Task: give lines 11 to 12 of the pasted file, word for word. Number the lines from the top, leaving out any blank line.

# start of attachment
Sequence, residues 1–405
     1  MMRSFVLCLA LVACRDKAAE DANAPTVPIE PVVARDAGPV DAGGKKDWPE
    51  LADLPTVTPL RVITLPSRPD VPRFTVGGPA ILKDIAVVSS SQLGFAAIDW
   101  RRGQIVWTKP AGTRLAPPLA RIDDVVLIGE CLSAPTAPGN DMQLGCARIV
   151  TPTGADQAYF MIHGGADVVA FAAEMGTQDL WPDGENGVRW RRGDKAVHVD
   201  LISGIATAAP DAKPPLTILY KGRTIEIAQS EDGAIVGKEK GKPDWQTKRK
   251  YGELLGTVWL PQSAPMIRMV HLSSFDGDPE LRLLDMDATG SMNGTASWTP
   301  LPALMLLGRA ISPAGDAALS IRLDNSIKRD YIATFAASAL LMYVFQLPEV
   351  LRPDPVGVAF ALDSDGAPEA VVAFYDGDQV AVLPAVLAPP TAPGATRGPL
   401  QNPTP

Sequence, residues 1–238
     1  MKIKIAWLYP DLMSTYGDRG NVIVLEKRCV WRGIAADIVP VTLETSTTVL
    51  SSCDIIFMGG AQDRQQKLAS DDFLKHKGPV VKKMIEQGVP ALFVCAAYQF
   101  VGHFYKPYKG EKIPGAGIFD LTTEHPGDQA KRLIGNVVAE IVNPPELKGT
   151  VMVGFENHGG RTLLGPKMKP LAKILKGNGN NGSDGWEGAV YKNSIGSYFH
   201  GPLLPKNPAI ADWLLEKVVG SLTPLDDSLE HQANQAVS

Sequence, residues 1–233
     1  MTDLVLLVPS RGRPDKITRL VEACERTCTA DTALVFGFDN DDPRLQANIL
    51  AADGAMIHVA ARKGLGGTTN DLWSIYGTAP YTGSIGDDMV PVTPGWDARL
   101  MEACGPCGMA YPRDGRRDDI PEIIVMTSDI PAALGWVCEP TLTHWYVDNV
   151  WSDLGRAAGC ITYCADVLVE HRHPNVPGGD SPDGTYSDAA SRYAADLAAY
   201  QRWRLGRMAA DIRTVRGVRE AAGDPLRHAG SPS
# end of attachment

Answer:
Sequence, residues 1–238
     1  MKIKIAWLYP DLMSTYGDRG NVIVLEKRCV WRGIAADIVP VTLETSTTVL